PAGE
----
We had a tragedy at the Abbey last week when Ruth, our Golden Comet chicken, passed away from an unknown illness. We buried her, and in her memory we planted a flowering cherry tree on her grave.

Patience is our last remaining chicken. Because chickens are social animals, Patience has had to find ways to compensate for the loss of her friends, namely by paying extra special attention to me: demurely rubbing her wing against my calf, stepping on my hands whenever I'm sitting in the orchard, and even holding still and presenting her tail feathers to me, coyly giving the okay to be penetrated. "She's in love with you, you know," David says.

The chickens are as much pets as they are egg-producers, so I can't help but feel sympathy for the poor girl. So it's our goal to fix our diminishing chicken population problem.






We tried to raise a few chicks on our own last spring, but they were killed by predator that had successfully broken into the coop. I gave the coop a thorough inspection, and found that a lot of the downstairs wire had rusted, rotted, and come apart, which probably made it easy for a raccoon or weasel. I decided to renovate. I decided to make it into an impenetrable fortress. So I removed all the old wire and triple layered some of the more sensitive spots with new wire, making sure to leave no gaps for predators of any size.


I also dug a trench four inches into the ground, filled them with rocks, and put even bigger rocks on top of them, to keep out burrowing predators. I double-dare any predator to try to break in. We will probably buy more baby chicks at the local mill later this spring.



Here are two of the neighbor's horses.



Holly, a local dog, is always eager to greet me on my jogs. She has unorthodox style of cuddling, in which she leans her back into my stomach so she can sit like a human as we sit-spoon.



The Abbey from the rear.




Squirrel scratching chest on deck.

Red-bellied woodpecker.



Pear trees in dusk light.


Pear tree flowers up close. 

Tuesday, March 13, 2012

Weekly quote: Solitude


“I find it wholesome to be alone the greater part of the time. To be in company, even with the best, is soon wearisome and dissipating. I love to be alone. I never found the companion that was so companionable as solitude. ” – Henry David Thoreau, 1817-1862, Walden

"What I must do is all that concerns me, not what the people think. This rule, equally arduous in actual and in intellectual life, may serve for the whole distinction between greatness and meanness. It is the harder because you will always find those who think they know what is your duty better than you know it. It is easy in the world to live after the world's opinion; it is easy in solitude to live after our own; but the great man is he who in the midst of the crowd keeps with perfect sweetness the independence of solitude." – Ralph Waldo Emerson, 1803-1882, from his essay Self-Reliance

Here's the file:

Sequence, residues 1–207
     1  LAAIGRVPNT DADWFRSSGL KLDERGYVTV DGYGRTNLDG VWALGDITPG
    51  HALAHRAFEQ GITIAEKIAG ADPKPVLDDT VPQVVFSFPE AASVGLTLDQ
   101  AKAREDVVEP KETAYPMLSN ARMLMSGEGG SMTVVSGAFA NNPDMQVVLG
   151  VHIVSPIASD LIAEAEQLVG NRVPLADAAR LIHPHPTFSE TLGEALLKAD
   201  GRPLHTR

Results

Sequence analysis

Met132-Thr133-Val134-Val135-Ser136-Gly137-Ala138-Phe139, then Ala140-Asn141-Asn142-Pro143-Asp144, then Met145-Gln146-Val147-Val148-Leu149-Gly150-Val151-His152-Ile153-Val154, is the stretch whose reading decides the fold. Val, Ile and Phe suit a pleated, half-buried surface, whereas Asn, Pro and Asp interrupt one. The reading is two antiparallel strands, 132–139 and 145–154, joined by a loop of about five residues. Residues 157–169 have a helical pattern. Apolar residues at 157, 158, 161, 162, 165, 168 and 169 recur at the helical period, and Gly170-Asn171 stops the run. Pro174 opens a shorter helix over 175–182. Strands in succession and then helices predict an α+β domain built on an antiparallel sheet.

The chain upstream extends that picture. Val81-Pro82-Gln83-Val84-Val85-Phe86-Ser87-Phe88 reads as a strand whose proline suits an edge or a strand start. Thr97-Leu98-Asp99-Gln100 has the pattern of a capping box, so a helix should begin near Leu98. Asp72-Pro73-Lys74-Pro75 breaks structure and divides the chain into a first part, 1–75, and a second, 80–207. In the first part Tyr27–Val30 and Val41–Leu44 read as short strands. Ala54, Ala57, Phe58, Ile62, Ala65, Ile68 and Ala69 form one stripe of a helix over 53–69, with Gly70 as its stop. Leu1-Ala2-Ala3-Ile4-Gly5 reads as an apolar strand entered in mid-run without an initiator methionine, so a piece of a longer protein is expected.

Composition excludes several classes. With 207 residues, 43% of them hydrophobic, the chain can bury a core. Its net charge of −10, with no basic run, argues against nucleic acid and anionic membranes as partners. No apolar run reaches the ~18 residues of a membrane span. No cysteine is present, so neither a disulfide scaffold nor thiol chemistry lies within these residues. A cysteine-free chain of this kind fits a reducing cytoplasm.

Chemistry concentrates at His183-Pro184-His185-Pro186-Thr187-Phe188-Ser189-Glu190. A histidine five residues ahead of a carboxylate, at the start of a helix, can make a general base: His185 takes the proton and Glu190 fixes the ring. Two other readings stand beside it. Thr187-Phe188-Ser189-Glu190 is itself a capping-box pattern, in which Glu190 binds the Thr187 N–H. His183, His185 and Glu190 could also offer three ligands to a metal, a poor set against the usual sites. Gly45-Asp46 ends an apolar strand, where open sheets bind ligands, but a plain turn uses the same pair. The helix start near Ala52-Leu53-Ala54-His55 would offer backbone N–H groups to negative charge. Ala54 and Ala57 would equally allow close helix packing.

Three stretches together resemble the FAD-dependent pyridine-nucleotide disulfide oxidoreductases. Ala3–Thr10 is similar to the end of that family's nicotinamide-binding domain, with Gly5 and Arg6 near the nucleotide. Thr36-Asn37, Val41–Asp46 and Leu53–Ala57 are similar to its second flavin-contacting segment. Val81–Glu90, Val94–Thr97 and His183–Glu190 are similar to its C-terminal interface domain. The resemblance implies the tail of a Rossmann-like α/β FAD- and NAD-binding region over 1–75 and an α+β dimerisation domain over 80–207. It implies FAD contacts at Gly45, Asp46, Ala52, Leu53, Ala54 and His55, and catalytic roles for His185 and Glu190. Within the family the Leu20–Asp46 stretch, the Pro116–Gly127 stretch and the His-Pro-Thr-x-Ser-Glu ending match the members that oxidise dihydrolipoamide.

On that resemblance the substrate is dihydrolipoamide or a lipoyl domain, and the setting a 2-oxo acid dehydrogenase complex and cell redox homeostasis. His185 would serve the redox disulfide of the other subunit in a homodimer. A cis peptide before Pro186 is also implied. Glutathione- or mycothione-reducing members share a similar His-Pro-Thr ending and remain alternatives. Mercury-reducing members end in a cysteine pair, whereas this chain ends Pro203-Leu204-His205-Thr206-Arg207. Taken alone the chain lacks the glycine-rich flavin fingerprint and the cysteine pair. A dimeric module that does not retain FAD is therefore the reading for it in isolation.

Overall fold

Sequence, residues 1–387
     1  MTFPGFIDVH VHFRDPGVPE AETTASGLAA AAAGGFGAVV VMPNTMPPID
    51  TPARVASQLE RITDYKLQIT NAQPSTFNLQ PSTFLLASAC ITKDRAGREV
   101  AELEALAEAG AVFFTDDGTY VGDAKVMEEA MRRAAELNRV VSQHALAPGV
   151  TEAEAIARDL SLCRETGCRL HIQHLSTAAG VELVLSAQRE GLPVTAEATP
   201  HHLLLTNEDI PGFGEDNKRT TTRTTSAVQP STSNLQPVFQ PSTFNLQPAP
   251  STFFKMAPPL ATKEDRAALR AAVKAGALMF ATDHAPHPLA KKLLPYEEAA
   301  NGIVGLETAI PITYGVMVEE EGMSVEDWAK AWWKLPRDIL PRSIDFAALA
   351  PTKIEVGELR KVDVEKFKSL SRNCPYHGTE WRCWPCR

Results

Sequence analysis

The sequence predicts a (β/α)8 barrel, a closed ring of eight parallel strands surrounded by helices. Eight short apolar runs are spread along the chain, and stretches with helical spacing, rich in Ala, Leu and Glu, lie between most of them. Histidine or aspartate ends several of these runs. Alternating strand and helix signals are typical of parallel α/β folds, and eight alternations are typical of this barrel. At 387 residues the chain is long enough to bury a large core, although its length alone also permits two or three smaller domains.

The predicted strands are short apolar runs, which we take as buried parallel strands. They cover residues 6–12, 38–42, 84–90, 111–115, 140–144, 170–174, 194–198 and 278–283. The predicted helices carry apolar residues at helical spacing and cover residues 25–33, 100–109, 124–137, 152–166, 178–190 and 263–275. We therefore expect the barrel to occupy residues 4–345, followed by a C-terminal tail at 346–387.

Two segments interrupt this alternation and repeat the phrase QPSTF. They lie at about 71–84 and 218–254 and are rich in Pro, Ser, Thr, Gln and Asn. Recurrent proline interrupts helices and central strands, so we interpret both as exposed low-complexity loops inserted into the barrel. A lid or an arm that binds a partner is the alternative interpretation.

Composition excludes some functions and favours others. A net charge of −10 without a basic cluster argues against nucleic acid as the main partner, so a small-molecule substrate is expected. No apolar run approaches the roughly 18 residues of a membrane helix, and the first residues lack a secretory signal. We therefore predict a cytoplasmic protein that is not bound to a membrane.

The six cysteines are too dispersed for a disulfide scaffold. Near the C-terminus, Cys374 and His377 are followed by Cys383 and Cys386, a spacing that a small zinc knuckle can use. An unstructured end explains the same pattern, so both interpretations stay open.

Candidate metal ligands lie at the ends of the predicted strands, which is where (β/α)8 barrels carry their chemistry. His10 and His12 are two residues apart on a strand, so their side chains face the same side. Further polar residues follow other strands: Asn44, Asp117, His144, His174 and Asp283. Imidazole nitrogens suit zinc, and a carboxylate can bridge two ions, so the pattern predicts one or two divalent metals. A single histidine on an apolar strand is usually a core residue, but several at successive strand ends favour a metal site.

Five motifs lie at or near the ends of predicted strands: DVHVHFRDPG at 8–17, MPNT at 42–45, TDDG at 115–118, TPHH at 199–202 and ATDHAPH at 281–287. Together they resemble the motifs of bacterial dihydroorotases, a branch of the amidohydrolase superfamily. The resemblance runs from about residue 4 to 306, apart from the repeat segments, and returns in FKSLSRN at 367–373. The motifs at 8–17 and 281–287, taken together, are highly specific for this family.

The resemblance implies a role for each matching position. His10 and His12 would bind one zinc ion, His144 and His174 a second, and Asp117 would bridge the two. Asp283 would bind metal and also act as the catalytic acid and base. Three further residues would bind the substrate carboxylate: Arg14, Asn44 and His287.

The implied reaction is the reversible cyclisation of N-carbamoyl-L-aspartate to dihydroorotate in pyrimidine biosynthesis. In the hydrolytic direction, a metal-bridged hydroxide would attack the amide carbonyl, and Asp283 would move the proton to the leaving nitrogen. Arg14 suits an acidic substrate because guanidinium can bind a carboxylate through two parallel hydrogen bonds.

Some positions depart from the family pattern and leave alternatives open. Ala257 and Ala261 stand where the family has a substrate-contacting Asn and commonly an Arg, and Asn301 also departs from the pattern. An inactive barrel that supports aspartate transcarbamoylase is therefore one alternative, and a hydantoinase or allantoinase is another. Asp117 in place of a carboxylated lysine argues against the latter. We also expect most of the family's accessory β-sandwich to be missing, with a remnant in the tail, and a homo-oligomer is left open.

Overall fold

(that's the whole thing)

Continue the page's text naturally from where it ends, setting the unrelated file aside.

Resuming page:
“But there’s one more thing I’m going to include as a form of solitude, and it will seem counterintuitive: friendship. Of course friendship is the opposite of solitude; it means being with other people. But I’m talking about one kind of friendship in particular, the deep friendship of intimate conversation. Long, uninterrupted talk with one other person. Not Skyping with three people and texting with two others at the same time while you hang out in a friend’s room listening to music and studying. That’s what Emerson meant when he said that “the soul environs itself with friends, that it may enter into a grander self-acquaintance or solitude. Introspection means talking to yourself, and one of the best ways of talking to yourself is by talking to another person. One other person you can trust, one other person to whom you can unfold your soul. One other person you feel safe enough with to allow you to acknowledge things—to acknowledge things to yourself—that you otherwise can’t. Doubts you aren’t supposed to have, questions you aren’t supposed to ask. Feelings or opinions that would get you laughed at by the group or reprimanded by the authorities.” – William Deresiewicz, born in 1964, from his essaySolitude and Leadership

“There are lonely hours. How can I deny it? There are times when solitaire becomes solitary, an entirely different game, a prison term, and the inside of the skull as confining and unbearable as the interior of the house trailer on a hot day.” – Edward Abbey, 1927-1989, Desert Solitaire

Sunday, March 11, 2012

Writing about nature